An hypergraph can also be seen as a type of database, that stores knowledge in the form of sets of hyperedges, and provides functions that make it easy to add and search for hyperedges in useful ways. We will see here how to perform some fundamental tasks with hypergraphs.
The notebook for this tutorial can be found here:
Form here on, the following imports are assumed:
from graphbrain import * from graphbrain.notebook import * from graphbrain.parsers import *
Create an hypergraph¶
Creating an hypergraph is straightforward:
hg = hgraph('example.db')
This assigns a hypergraph instance to
hg, which is physically stored as ‘example.db’. If this hypergraph already exists, it is simply opened. If it does not exist, an empty one is created.
Parse sentence and add hyperedge to hypergraph¶
Let’s create a parser to obtain an hyperedge from a sentence, and then add it to the hypergraph:
parser = create_parser(lang='en') text = "Mary is playing a very old violin." parses = parser.parse(text) for parse in parses['parses']: edge = parse['main_edge'] hg.add(edge)
Notice that the
add() function works recursively. We will see in the next subsection that not only the top hyperedge, but all of their children are added to the hypergraph.
Iterate through all edges¶
Hyoergraph objects include the function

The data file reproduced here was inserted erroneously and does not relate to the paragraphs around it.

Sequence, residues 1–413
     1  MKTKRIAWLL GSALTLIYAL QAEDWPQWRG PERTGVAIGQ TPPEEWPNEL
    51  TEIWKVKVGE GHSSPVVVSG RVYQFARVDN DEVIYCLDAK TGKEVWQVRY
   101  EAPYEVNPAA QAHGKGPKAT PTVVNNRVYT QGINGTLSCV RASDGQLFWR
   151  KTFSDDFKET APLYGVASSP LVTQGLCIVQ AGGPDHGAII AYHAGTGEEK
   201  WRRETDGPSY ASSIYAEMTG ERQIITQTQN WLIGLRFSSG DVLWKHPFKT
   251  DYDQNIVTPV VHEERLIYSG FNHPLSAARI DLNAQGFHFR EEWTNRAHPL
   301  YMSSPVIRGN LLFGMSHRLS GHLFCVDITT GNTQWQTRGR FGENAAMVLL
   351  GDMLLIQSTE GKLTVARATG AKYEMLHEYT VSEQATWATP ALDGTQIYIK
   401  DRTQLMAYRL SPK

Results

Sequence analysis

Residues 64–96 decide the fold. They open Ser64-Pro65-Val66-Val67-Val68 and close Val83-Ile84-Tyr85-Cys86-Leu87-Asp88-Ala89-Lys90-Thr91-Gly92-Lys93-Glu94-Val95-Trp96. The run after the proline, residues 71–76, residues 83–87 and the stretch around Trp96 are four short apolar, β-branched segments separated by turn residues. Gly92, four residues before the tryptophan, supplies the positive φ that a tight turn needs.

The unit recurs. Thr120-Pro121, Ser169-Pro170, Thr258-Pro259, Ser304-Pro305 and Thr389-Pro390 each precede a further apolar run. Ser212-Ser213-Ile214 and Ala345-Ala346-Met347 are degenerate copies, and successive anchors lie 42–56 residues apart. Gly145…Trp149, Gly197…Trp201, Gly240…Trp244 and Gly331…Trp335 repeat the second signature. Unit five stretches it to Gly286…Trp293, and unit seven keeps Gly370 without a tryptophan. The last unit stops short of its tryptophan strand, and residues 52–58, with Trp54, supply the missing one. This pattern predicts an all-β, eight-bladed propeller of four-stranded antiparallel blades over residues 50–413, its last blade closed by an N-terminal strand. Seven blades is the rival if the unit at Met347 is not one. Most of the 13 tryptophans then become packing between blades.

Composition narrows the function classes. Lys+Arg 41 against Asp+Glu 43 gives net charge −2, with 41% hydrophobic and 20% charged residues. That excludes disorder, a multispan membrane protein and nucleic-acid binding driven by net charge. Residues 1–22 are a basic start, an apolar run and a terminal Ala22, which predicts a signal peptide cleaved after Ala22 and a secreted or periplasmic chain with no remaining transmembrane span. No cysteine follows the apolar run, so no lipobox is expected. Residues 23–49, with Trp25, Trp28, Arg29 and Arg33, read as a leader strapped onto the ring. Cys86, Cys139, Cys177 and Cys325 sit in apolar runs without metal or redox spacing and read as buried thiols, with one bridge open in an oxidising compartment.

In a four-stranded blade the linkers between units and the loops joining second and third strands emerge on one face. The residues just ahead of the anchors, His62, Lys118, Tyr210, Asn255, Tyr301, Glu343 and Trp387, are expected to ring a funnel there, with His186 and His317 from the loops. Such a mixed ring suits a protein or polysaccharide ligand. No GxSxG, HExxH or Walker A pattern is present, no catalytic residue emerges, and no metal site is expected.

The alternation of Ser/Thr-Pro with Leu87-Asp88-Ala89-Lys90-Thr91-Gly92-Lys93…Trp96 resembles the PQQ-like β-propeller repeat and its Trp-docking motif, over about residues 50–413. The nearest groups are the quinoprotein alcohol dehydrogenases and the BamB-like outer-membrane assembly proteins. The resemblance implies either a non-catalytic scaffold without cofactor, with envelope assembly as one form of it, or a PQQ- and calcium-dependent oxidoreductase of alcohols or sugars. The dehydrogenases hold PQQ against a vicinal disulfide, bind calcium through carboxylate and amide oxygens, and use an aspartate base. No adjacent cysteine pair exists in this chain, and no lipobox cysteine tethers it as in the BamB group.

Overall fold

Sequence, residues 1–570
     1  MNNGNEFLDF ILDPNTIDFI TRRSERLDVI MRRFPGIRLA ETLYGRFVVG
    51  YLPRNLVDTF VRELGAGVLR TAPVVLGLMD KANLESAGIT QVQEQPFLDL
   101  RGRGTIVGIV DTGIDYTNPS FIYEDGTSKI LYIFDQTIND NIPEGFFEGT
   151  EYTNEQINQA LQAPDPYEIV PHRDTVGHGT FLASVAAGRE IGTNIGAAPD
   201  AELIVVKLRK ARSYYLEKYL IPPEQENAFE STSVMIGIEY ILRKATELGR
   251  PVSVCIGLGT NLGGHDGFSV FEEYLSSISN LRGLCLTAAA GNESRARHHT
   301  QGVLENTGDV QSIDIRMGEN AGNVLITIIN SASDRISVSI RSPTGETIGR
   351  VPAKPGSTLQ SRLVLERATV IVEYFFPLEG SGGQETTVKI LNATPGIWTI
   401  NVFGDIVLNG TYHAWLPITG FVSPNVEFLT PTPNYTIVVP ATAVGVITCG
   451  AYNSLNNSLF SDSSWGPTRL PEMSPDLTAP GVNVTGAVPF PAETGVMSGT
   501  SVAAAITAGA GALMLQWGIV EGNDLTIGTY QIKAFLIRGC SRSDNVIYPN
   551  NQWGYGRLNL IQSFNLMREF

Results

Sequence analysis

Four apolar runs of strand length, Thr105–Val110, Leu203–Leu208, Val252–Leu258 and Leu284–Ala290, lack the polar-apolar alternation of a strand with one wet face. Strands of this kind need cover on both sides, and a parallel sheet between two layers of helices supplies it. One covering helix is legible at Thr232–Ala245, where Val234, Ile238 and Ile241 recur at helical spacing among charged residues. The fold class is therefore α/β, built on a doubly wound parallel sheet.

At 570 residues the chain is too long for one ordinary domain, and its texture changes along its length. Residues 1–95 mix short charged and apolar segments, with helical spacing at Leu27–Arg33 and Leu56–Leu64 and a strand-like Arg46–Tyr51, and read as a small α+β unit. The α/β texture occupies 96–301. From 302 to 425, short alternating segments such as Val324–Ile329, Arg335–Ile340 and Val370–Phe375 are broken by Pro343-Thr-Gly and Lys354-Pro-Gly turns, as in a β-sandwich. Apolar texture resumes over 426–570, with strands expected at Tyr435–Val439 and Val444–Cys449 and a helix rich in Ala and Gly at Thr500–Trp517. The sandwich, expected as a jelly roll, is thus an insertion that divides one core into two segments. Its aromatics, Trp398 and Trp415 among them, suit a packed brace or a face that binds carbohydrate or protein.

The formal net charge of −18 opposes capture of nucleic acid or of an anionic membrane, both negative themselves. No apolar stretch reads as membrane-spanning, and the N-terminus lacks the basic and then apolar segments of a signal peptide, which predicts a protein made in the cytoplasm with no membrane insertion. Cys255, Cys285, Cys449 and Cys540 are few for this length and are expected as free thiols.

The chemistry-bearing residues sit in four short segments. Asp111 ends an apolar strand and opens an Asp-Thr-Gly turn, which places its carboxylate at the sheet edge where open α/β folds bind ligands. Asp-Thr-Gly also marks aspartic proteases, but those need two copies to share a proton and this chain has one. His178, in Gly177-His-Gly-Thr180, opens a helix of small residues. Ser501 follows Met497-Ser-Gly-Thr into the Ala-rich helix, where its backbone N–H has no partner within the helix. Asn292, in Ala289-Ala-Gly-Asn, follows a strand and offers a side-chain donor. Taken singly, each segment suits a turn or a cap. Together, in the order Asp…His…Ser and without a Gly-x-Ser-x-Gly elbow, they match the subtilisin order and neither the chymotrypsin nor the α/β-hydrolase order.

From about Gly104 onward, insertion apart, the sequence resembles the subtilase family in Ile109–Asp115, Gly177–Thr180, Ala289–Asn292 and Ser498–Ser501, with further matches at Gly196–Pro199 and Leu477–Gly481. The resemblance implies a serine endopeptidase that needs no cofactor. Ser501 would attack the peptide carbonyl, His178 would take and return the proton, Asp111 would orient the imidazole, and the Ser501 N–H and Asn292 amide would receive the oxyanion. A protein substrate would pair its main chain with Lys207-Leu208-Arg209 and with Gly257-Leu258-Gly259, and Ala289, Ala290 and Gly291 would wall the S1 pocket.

all(), which returns an iterator that can be used to transverse all the hyperedges contained in the hypergraph. Let’s see an example, in this case assuming that we are in a notebook environment:
for edge in hg.all(): show(edge, style='oneline')
Search with patterns¶
Hypergraph objects have a generic
search() function, which returns iterators corresponding to sets of hyperedges that match a given pattern.
edge_iterator = hg.search(pattern)
For example, with the current hypergraph, executing the below code would produce the shown result:
# '...' at the end indicates that the edge may have an arbitrary number of extra entities for edge in hg.search('((is/Mv.|f--3s-/en playing/Pd.so.|pg----/en) ...)'): show(edge, style='oneline')
For all the details about how to define search patterns, refer to the
search() function documentation: